According to the Swiss firm, air pollution in Seoul has led to approximately 2,700 deaths and incurred a financial cost of $3.3 billion in 2024.

In 2020, and as was the case in practically the entire world as a result of the interruption of activities due to the COVID-19 pandemic, concentrations of air pollutants dropped, in Korea’s case, by 27%. However, the break caused by the pandemic should not mask a reality which, in Korea, has a name: fine dust or yellow dust.

Pollution levels in its capital, Seoul, which is home to around 10 million people, are the worst in the country. To such an extent that average residents will live 1.7 years less if the city’s high pollution levels continue as they are.

What lies behind the bad air quality

seoul air quality 3

In March 2021, Korea experienced the worst yellow dust storm of the past decade. This phenomenon, which begins in the deserts of China and Mongolia particularly during the Spring, brings with it harmful particles such as sulfur, carbon monoxide, heavy metals and other carcinogenic material together with viruses, bacteria, fungi, pesticides, antibiotics, herbicides and plastic components that accelerate and exacerbate lung and cardiovascular diseases and various types of cancers.

Local health authorities categorize the concentrations of PM10 (solid or liquid dust particles, ashes, soot, meal particles or pollen) between 0 and 30 micrograms as good, between 31 and 80 as normal and between 81 and 150 as bad. In Seoul they reached 545 micrograms in March of last year and the authorities advised vulnerable groups not to go outside.

Yellow dust storms have always existed but they have been exacerbated by increased deforestation activities in Central Asia, increasing the frequency of the storms, particularly if there is little rainfall and anticyclones generate warm or stagnant air into the atmosphere. Many in Korea blame China’s industrial activity, which is much more intensive than in the past, for the increased number of harmful particles present in these dust storms.

Drones, robots, satellites and artificial rain, measures to improve air quality

seoul air quality 1

As they are aware of the problem, the Korean authorities are working on improving air quality by implementing various strategies:

5G-connected autonomous robots

Last year, 5-G connected robots equipped with devices to measure air quality, began patrolling the Jeonju industrial complex in South Korea. More efficient and with the ability to reach more areas than the inspectors patrolling the factories, the data collected will be subsequently used for the city’s environmental management.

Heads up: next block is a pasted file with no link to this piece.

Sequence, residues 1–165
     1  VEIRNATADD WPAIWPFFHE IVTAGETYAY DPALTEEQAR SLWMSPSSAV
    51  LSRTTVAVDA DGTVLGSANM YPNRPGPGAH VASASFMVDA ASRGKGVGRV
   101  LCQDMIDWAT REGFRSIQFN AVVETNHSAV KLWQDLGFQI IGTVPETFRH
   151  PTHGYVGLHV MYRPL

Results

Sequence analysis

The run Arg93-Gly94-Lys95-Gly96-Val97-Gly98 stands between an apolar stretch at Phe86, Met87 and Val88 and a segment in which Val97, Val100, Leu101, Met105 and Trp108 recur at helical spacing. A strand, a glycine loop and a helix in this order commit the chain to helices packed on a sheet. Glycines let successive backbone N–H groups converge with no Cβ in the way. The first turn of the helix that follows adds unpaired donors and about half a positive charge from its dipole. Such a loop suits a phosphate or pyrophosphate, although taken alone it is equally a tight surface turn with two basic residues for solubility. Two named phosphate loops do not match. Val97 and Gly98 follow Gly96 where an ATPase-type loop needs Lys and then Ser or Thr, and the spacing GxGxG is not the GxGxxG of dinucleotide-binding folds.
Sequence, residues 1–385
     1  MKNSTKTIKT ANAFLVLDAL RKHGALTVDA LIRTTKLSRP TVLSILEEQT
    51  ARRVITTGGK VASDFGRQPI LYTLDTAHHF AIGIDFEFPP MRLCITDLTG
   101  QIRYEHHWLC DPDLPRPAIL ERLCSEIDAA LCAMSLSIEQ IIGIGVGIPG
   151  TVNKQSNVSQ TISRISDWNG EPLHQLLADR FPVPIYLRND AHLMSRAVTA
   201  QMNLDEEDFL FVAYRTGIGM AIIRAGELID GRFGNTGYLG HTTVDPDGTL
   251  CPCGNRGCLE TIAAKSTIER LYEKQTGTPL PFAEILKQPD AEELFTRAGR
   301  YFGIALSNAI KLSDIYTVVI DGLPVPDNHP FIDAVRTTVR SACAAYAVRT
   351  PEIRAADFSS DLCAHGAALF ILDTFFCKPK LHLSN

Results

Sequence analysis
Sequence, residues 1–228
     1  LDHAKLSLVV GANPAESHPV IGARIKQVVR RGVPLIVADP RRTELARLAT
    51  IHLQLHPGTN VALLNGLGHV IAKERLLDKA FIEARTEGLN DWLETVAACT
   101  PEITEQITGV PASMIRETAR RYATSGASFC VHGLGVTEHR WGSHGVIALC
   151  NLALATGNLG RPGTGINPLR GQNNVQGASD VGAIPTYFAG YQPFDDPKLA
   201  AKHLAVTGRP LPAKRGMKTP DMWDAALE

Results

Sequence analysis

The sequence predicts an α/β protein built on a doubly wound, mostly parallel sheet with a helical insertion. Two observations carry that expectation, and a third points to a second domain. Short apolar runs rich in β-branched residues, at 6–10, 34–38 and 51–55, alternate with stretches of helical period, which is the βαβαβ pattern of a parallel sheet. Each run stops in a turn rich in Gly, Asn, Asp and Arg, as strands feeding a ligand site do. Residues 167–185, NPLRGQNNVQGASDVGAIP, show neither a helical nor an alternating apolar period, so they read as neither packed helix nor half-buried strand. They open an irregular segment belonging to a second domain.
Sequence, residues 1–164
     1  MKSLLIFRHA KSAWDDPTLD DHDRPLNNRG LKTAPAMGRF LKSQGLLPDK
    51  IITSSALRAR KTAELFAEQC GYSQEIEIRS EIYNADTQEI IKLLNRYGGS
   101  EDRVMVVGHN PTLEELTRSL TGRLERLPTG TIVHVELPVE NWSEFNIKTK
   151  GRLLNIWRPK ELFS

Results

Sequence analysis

Association with international entities

A new partnership between the United Nations Environment Program and the Republic of Korea’s Capital Metropolitan Area, which includes Seoul, Incheon and Gyeonggi province, will help officials expand their efforts to tackle air pollution and share their best practices with other regions suffering from poor air quality.

Drones to combat pool air quality

As part of a series of investments being made by the Korean government to implement drones in numerous procedures, the surveillance company Hancom inSpace has been chosen to develop an automatic drone system to observe coastal pollution for over 20 minutes for a distance of up to 4 kilometers.

Collaboration with China

Air quality has become a delicate diplomatic issue, since, according to numerous Korean sources, around 70% of the toxic particles present in the yellow dust storms are from China’s industrial activity. Even so, Korea has shown its willingness to collaborate with the Chinese authorities in projects that generate artificial rain to clean the atmosphere, among others.

A national satellite

Last year, the Korean Ministry of Science and ICT announced that it would begin to provide its inhabitants with real time air quality data and data of seven types of air pollutants. The data will be obtained from its environmental satellite Chollian-2B launched into orbit in 2020, so it does not have to rely on foreign satellites that were not providing this information with the desired frequency given the scope of the problem, which has now become a national problem.

The effects of these measures are already evident. According to a report by the Environment Department of Seoul’s Metropolitan Government, in January 2023, the air quality in the Korean capital was among the best recorded in over a decade in 2022. This improvement is attributed to a combination of government policies and favorable climate conditions on the peninsula.

Photos | Unsplash/Nik Shuliahin , Shutterstock/TTLSC, Shutterstock/Johnathan21Lee Soo hyun